Wednesday, March 15, 2017

What's a Ward Family History Night?

Followers may know that I serve as a Temple and Family History Consultant in my local LDS ward (similar to a parish). At the request of our bishop, Mr. Myrt and I hold a monthly Family History Night. A Facebook friend asked me to describe how our meetings are set up, and this is my response:

The goal is to provide time for each attendee to share a family history challenge or breakthrough. We brainstorm suggestions for what to do next. When the group is entirely newbies, I may provide more input. This is different from a lecture or a spiritual discussion about why Mormons do genealogy research.

Our monthly ward Family History Night is held at our home from 6:30-9pm on a drop-in basis. In this manner it doesn't appear to be an overwhelming commitment. We let curiosity about ancestors do the pushing to continue. 

As many as 12 have attended, but it is usually only 4-5. Participants usually become intrigued and stay until I affectionately boot them out. Even if it's 1 or 2, those who show up are ready to learn.My preparation includes selecting a few mini-lessons that I choose to share based on attendees' brief comments during the welcome-introductions period where we each state our intention for the evening. A good friend brings her fabulous homemade cookies. My laptop is hooked up to our big screen TV so I can demo anything.

If folks bring a laptop, I may have them hook up to the big screen one by one. The group provides advice for figuring out something, like how to merge duplicate individuals in their genealogy program of choice.

  • Opening prayer
  • Individual introductions (perhaps 2-3 sentences on current family history goal)
  • Mini-lesson (solving at least one challenge noted during introductions)
  • 8-10 minutes on each attendee's scenario (all benefit by hearing advice to other researchers.)
  • Closing prayer
  • Refreshments 
Although I clearly lead the meetings, it's highly effective to encourage the group to discuss solutions rather than have me lecture. Active participation encourages creativity. My greatest joy has been to observe a participant inspiring another with a practical idea to bust through a genealogical brick wall.

Each first-timer receives:
  • Green file folder (to begin gathering notes and documents)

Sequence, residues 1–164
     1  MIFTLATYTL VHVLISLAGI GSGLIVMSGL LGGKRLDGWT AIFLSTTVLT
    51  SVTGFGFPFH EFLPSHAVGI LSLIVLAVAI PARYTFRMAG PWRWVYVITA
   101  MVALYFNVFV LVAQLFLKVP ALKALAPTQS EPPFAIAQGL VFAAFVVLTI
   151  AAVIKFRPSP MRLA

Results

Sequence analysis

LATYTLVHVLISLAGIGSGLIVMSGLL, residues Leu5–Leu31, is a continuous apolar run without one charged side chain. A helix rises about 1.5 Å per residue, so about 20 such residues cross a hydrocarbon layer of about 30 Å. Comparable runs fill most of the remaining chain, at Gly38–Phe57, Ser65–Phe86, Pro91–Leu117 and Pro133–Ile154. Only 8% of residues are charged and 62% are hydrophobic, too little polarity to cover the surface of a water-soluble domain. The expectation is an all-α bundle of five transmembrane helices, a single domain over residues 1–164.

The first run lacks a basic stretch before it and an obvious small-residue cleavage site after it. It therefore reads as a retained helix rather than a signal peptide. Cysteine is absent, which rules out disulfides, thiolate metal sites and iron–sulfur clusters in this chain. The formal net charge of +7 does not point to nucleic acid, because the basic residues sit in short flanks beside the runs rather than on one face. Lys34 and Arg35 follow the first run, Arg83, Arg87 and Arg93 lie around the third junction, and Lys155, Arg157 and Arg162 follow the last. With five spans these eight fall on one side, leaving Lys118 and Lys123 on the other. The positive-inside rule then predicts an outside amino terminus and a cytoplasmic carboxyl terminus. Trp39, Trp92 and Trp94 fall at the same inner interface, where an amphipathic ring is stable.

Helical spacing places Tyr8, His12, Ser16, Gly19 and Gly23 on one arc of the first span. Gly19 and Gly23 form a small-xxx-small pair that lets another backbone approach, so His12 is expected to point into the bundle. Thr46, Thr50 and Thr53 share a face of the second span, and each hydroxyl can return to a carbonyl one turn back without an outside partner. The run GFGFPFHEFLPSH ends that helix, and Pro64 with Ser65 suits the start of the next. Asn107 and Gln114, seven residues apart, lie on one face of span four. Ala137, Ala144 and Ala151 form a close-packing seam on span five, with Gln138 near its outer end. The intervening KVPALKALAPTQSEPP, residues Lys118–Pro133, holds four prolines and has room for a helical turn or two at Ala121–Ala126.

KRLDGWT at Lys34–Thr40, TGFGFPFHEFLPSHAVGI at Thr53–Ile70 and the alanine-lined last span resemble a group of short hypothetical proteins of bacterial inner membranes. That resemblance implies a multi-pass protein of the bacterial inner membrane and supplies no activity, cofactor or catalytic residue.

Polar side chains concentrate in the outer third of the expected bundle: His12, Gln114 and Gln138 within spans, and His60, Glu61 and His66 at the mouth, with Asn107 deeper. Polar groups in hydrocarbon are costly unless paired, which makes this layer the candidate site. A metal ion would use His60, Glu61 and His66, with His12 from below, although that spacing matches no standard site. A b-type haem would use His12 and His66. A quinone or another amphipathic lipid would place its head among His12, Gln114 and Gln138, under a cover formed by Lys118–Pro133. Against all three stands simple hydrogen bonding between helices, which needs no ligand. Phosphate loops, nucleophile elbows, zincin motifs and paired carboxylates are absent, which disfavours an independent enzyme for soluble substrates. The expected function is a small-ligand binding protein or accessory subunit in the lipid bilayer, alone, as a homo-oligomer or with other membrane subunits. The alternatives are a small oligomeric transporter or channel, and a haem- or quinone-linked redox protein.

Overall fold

• Top-loading sheet protector (to encourage preservation) 
  • "Which is more reliable?" (a collage with two derivative and one original document)
  • Clearing names for temple work
  • LDS access to 5 websites (how to sign up)
  • The Genealogical Proof Standard (briefly described at:
  • Larger "which door" handout (showing family history is also scanning old photos, interviewing elders, ancestor spotlights at Family Home Evening, etc.)
Personally, I'm prepared to deliver the context-sensitive mini-lesson and then fly by the seat of my pants, based on newly articulated research challenges. Since we meet in our home, I can pull any reference book off our library shelves, open any website, demo most any program to provide thoughtful suggestions for each attendee.

Ol' Myrt here recognizes it's not about me, it's about the ancestors. We just provide a space where we can hear and feel what to do next when climbing family trees. As we gather for Family History Night, we celebrate our varied ethnic and cultural background. No single lesson manual could cover the different locality research challenges our participants face. In six months, ta participant may jump the pond to discover the ancestral homeland has an entirely different set of laws and record groups to navigate.
Take into account that Family History Night participants come from all walks of life, with varied talents and abilities. They learn in different ways.

Here, the leader's goal must be to encourage progress for each participant from his unique "point A" to his "point B".

These take-home cards printed on 1/3 card stock are fancied up with our "which doors" 2017 theme graphic, and space for the consultant to write the next goal to accomplish.

Relaxing, clearing my mind, and remembering to look at things from a member's point of view is facilitated by personal prayer.

We've begun scheduling one-on-one consultations using Skype and Google Hangouts.

Being adaptable is the name of the game.

Check the DearMYRTLE Hangouts Calendar for upcoming study groups and hangouts. There you'll find links to the GeneaConference (in-person) and the GeneaWebinars Calendar with over over 200 hours of online genealogy classes, webinars, live streams and tweetchats from other hosts and presenters over the next 12 months.

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